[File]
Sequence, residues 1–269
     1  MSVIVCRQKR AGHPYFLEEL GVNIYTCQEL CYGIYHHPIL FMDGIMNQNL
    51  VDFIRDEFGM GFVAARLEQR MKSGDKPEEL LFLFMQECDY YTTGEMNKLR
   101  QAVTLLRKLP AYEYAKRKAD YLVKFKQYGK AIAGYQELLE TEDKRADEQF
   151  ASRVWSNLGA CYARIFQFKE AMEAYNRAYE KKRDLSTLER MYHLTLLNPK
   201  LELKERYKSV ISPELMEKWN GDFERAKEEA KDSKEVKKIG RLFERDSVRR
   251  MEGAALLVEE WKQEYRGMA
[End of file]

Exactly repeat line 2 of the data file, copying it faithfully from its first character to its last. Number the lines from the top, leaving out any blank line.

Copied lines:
     1  MSVIVCRQKR AGHPYFLEEL GVNIYTCQEL CYGIYHHPIL FMDGIMNQNL